Corey Kluber’s Peripheral Statistics Reveal a Top Notch Season
Ronnie Tellalian | On 11, Jan 2014
The Indians have been relatively quiet this off season, and it is no secret that they have a need for starting pitching. The spots of Ubaldo Jimenez and Scott Kazmir will not be easy to fill, but this is going to be about the pitchers the Indians do have on board; specifically Corey Kluber, a pitcher that quietly performed as one of the best pitchers on the staff.
In his first taste of big league experience, Kluber gave up four runs in four and one third innings back in 2011. The next season he managed 12 starts with a little better, but still poor 5.14 ERA. He came into the 2013 season with little expectation among fans. In his first full season as a starter, Kluber put up some very good numbers. He finished with a record of 11-5 over 24 starts. He threw 147 innings and struck out 136 batters with a 3.85 ERA. His success was due in part to his much improved array of pitches.
Kluber has a very good and diverse set of pitches. His fastball has made dramatic improvements over the past few seasons. His four-seem used to be a flat pitch that got smacked around, now he locates it with amazing accuracy and he has increased its velocity to an average of 93.6mph. Batters used to only swing and miss at 5.88% of his fastballs, last season he jumped that number up to 11.96%. His sinker is a good groundball pitch that he throws at 93.9mph, and his cutter is his third pitch that he can throw in the 90’s with an average velocity of 90.2mph. He has a change-up as well, but his best pitch is probably his slider. Batters hit just .192 against his slider and he boasts a 20% whiff rate.
His obvious numbers show that he had a pretty good season in 2013, but a look at his peripheral number show just how good that season was. A lot of what a pitcher does is dependent on outside factors. A pitcher can control his strikeouts and his walks, but there isn’t much else beyond that. A guy can consistently induce groundballs, and that’s a good thing, but then he has to have fielders behind him that can make plays. Some pitchers allow a large number of fly balls or home runs, and that is a pitchers personal trend too, but again, there is a large portion of their performance that depends on their defense. To really dig out how good a pitcher is, was, or could be, one has to look at the numbers that isolate his true abilities.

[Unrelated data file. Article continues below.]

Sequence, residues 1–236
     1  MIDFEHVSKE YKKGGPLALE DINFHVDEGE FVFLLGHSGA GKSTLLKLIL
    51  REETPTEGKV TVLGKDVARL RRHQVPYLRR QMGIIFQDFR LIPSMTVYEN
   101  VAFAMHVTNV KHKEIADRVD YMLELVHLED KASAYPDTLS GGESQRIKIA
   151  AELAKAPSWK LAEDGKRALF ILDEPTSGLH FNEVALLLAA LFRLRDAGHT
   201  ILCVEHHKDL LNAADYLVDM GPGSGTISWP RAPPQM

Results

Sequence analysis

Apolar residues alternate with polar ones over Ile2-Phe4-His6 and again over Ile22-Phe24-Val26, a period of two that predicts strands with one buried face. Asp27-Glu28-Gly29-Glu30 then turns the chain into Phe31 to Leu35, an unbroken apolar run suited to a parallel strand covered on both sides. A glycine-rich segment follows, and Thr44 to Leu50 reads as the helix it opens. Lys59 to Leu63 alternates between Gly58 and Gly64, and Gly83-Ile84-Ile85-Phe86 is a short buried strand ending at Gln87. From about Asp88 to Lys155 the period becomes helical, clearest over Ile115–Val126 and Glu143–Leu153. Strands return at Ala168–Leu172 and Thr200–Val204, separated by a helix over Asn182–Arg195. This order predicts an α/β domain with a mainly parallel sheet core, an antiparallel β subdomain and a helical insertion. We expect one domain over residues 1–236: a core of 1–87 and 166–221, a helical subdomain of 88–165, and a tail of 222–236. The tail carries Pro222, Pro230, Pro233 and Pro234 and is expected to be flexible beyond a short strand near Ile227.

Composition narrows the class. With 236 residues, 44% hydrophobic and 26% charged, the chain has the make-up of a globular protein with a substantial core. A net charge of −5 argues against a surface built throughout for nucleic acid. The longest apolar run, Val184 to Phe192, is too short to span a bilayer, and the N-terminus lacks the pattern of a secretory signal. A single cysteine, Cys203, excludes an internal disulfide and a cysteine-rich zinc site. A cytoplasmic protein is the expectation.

I’ve talked about Fielding Independent Pitching (FIP) before. Basically it is a pitching statistic that takes the defensive contribution out of the equation and shows solely the contribution of the pitcher. It takes into consideration things like home runs allowed, walks, and strikeouts, things that are more under the pitchers control. A groundball pitcher with a good defensive infield is likely to have a better ERA than the same pitcher with a poor defensive infield. In this way, FIP is a truer indicator of a pitchers performance. xFIP is the same thing, but regressed. It is a better predictor of future performance and is set on the same scale as ERA. Kluber finished the 2013 season with a 3.10 xFIP. This is better than Justin Masterson, better than Stephen Strausburg, better than Max Scherzer, David Price, Ubaldo Jimenez, and Cole Hamels.
SIERA (Skill-Interactive ERA) is a relatively new statistic that attempts to explain the truth behind ERA. It is like FIP in that it tries to separate a pitchers skill from luck or defensive contribution, but unlike FIP, SIERA takes into account balls in play. In this stat, Kluber finished 13th in the Major Leagues with a 3.32 SIERA. Again, like FIP, SIERA is on the same scale as ERA. Kluber finished higher in this category than Masterson, Hamels, Price, Jimenez, and Madison Bumgarner.
These numbers are not to say the Kluber is going to be selected the unanimous Cy Young winner in 2014, but they do show that he pitched as well as the best pitchers in baseball. His numbers suggest that he was in the top 15 pitchers in both leagues, and he is only getting better. His main stream numbers show that he pitched well, but his peripheral number show that he performed with the best in the league. In 2014 he will have a chance to prove that 2013 was no fluke and he truly does belong among better pitchers in baseball.